September 2019 - December 2021
The Ability Lab is an interdisciplinary research space dedicated to the intersection between disability and technology. It fosters collaboration between individuals with disabilities and engineers, designers, educators, artists, occupational and physical therapists and speech language pathologists.
I was involved in the design and development of multiple projects around accessible interfaces, spaces, and learning tools for humans with sensory, mobility and cognitive disabilities.
Multisensory room- NYU Oral Health Center:
New York University Dentistry’s Oral Health Center and the NYU Ability Project created a multi-sensory room with soft color-changing lights, a large mat, weighted blankets, a solitude-enabling chair and more to help those with mental and emotional disabilities relax before, during, and after their oral health care appointments at the center.
I was responsible for setting up the technical architecture of the projection system and LED patterns where visualizations programmed in p5.js could be sent to a raspberry pi which cued up the patterns/ visualizations on the projection and LED systems.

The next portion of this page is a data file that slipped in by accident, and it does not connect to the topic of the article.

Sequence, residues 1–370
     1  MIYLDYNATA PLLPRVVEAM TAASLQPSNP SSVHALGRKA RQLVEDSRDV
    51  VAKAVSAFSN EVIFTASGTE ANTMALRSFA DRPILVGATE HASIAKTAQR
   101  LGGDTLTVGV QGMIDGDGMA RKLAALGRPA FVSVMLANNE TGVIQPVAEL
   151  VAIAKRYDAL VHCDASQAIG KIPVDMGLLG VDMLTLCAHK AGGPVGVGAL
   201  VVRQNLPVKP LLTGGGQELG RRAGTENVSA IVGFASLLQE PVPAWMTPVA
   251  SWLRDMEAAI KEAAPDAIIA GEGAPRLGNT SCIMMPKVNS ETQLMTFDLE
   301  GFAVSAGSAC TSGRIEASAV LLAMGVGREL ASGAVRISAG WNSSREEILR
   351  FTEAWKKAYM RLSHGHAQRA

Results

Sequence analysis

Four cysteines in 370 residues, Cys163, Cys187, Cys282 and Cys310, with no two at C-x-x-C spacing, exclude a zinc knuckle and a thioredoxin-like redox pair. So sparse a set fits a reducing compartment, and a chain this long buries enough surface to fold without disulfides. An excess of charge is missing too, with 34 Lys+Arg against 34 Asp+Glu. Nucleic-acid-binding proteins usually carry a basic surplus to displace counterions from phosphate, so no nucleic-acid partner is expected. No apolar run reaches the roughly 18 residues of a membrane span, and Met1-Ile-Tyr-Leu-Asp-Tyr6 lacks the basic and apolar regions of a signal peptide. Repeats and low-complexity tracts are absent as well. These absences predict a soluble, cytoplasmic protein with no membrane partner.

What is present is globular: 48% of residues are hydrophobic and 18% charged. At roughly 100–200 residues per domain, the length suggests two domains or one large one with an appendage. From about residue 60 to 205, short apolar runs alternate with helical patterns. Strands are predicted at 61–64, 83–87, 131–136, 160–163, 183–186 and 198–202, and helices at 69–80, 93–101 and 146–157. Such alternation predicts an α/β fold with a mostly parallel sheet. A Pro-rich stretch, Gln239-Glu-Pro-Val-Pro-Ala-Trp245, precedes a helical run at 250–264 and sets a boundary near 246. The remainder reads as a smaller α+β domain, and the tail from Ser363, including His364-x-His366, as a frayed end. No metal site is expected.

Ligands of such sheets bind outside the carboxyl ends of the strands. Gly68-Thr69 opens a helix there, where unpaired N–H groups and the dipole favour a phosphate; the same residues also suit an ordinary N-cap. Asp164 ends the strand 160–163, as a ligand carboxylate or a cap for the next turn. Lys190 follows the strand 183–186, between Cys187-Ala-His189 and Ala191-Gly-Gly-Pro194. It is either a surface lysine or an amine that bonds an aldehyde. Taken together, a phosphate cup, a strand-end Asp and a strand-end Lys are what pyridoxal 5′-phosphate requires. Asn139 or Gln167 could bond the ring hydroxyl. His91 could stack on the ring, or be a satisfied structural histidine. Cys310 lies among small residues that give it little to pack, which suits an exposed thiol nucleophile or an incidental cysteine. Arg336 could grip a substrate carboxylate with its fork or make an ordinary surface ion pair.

Non-visual soldering workshop:
Blind and low vision learners are underrepresented in STEM and maker culture, both of which are historically inaccessible. I was a part of the team that designed and evaluated a non-visual soldering curriculum with a three-day workshop. My primary role was working with workshop lead, Dr. Joshua Miele (MacArthur Fellow 2021) to ensure that all the workshop material and pre-built circuits were in place and assisting workshop participants with verbal instructions to build their confidence with the material during the workshop.
The findings from this workshop helped define a research project that would convert data from microcontroller-based soldering irons and measuring tools into audio prompts using text to speech algorithms so that these tools become more inclusive for blind users.
Open-source adaptive gaming controller:
Switch-it is a customizable, adaptive gaming controller for people with limited mobility. Created in collaboration with NYU Langone Medical Center, Switch-it was designed to making gaming more accessible to disabled gamers and making gaming more inclusive for a wide range of abilities. It consists of two parts: 1) An open source hardware design that has multiple inputs for other buttons, switches and levers from outside adaptive video game control manufacturers. 2) An open-source software which allows users to customize the inputs and bind them to specific keystrokes.
The first prototype was awarded a grant by the NYU HealthTech transformer challenge and the hardware and software is currently under active development.